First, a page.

It’s easy to say it’s racist, that older people are being something-something by this, but it’s a combination of annoyances I think and one that companies targetting specific audiences could be more aware of.

        Reply
        1. Knitting Cat Lady

          I’m genuinely curious here:

          There are many English accents.

          Some are harder for me to untangle than others. I’m ESL, though, with excellent hearing.

          The limited sound quality of phones makes a difference.

          E.g. someone with a very pronounced southern US accent or northern English accent is difficult for me to understand over the phone.

          Is it similar for your parents?

          Reply
            1. Not the Droid You Are Looking For

              My bff works for a company that has domestic call centers and they very carefully route people’s call by regions because of regional accent issues.

              Reply
          1. OriginalEmma

            As an American, I never thought I’d encounter a regional American accent that I couldn’t comprehend. Then I heard an interview (on a local radio station when I was visiting Atlanta) featuring a young woman from rural Georgia. It took every ounce of concentration to parse her speech.

            Reply
            1. the_scientist

              I was once in line at a coffee or sandwich shop in Newark International Airport behind a man who had an incredibly thick regional American accent. I can’t even begin to hazard a guess as to where he was from- somewhere southern-ish, and probably rural, is as close as I can get. I could not understand a damn word the man said, and evidently neither could the people working in the shop, who must have asked him to repeat his order seven times. I was surprised because I consider myself pretty good with accented English (I’m Canadian, though, so I guess we do have fewer distinct regional accents).

              Reply
                1. the_scientist

                  It very well could have been. It was kind of twangy, but not drawl-y (like a Texan accent). I was actually coming from a vacation in Atlanta and it didn’t sound like the cosmopolitan southern accents I’d heard there. I’ve never heard anything like it, before or since.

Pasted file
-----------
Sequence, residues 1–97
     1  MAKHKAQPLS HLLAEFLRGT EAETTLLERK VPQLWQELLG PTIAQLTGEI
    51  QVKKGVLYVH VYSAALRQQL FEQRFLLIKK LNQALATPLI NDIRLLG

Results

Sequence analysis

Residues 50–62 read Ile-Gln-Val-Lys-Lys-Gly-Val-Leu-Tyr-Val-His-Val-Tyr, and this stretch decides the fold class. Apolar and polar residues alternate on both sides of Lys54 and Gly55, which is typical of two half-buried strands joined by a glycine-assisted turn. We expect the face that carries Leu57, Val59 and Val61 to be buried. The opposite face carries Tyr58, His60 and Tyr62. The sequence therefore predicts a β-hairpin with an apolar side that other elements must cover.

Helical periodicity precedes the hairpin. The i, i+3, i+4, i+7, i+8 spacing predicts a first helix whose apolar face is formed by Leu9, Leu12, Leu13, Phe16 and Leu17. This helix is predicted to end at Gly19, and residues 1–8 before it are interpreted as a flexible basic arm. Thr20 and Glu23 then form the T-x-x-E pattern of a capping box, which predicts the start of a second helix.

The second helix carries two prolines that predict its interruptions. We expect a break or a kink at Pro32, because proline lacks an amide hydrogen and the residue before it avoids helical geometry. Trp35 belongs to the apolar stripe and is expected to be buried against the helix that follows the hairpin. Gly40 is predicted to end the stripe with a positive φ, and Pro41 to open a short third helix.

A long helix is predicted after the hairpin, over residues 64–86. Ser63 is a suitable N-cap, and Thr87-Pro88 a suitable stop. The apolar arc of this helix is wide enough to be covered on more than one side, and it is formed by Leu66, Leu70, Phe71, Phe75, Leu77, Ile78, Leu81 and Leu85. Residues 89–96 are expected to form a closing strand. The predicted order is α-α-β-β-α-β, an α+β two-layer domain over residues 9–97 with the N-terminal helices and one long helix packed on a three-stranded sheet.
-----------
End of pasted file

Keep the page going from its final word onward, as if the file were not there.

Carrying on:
1. OriginalEmma

                My English friend was in line at Starbucks in the U.S. behind a man from Glasgow, Scotland. The poor barista could not understand this guy, and the customer was getting frustrated as well. That is, until my friend piped up from behind and translated the order.

                Reply
                1. Apollo Warbucks

                  Some accents are hard to understand. I worked with a Korean who heard me speaking to someone from Liverpool and when they had left the Korean came and asked if they were speaking English they didn’t understand a word of the conversation.

                2. Elizabeth West

                  I usually don’t have trouble with any accents, unless people are speaking really fast. They really have to be pretty mush-mouthed for me not to get it. I will ask them politely “Could you slow down please; I’m not used to your accent.” That makes it about me, not them.

                  Though the first time I ever heard a really heavy Cockney accent, I was completely lost, LOL. But that was at eighteen and I had only listened to Midwestern speech up to that point.

                3. Mallory Janis Ian

                  I babysat for a couple from Bangladesh several years ago (I’m in the southern U.S. and have a southern accent), and the wife and I were pretty chatty with each other. I could understand her perfectly well in person when I could look at her face while she was talking. It was more difficult to understand her over the phone, but I found that it was easier if I just relaxed into the call instead of trying very hard to understand. It seemed that any struggle to understand or anxiety over potentially not understanding would interfere with my actual listening, but if I just cleared my head and let the conversation flow naturally, paying attention to the context, I could understand most of what was said.

                4. Mallory Janis Ian

                  Also, when watching the movie Billy Elliot (set in Northern England) for the first time, it took me at least a third of the movie to understand a single thing the characters were saying. Once I got used to the accent, I could understand everything, but at first it didn’t even sound like English to me.

                5. Cath in Canada

                  When I moved to Glasgow, it took about three weeks to be able to reliably understand everything that people said to me, and I’m from the very Northern most part of England! My ESL colleagues took several months to adapt.

                6. Pixel

                  I had a co-worker from Glasgow and it took a while to figure out her accent. If there are any Terry Pratchett readers out there, every time I read a Nac Mac Feegle dialogue I hear it in my head in my co-worker’s voice.

                7. Ad Astra

                  Most of the drink names at Starbucks and other coffee shops are Italian words (or they contain Italian words/sounds), so I imagine hearing an unfamiliar accent pronouncing foreign words would really confound the situation.